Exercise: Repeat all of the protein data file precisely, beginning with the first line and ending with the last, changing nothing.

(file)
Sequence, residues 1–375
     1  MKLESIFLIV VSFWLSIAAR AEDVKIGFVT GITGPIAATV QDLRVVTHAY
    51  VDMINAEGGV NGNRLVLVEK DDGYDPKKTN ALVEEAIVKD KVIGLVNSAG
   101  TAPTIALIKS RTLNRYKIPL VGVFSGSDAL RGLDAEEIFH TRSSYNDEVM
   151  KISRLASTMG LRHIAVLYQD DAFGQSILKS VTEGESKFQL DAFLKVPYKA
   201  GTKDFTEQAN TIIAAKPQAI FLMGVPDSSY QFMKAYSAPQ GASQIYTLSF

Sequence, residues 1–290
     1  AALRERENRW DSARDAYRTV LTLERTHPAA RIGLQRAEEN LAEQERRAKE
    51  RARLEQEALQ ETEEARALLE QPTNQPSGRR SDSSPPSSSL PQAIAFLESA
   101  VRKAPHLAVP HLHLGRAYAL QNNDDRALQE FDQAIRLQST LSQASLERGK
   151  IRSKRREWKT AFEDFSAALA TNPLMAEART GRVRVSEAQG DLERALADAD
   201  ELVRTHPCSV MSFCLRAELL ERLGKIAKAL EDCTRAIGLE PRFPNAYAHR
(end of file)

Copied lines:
Sequence, residues 1–375
     1  MKLESIFLIV VSFWLSIAAR AEDVKIGFVT GITGPIAATV QDLRVVTHAY
    51  VDMINAEGGV NGNRLVLVEK DDGYDPKKTN ALVEEAIVKD KVIGLVNSAG
   101  TAPTIALIKS RTLNRYKIPL VGVFSGSDAL RGLDAEEIFH TRSSYNDEVM
   151  KISRLASTMG LRHIAVLYQD DAFGQSILKS VTEGESKFQL DAFLKVPYKA
   201  GTKDFTEQAN TIIAAKPQAI FLMGVPDSSY QFMKAYSAPQ GASQIYTLSF

Sequence, residues 1–290
     1  AALRERENRW DSARDAYRTV LTLERTHPAA RIGLQRAEEN LAEQERRAKE
    51  RARLEQEALQ ETEEARALLE QPTNQPSGRR SDSSPPSSSL PQAIAFLESA
   101  VRKAPHLAVP HLHLGRAYAL QNNDDRALQE FDQAIRLQST LSQASLERGK
   151  IRSKRREWKT AFEDFSAALA TNPLMAEART GRVRVSEAQG DLERALADAD
   201  ELVRTHPCSV MSFCLRAELL ERLGKIAKAL EDCTRAIGLE PRFPNAYAHR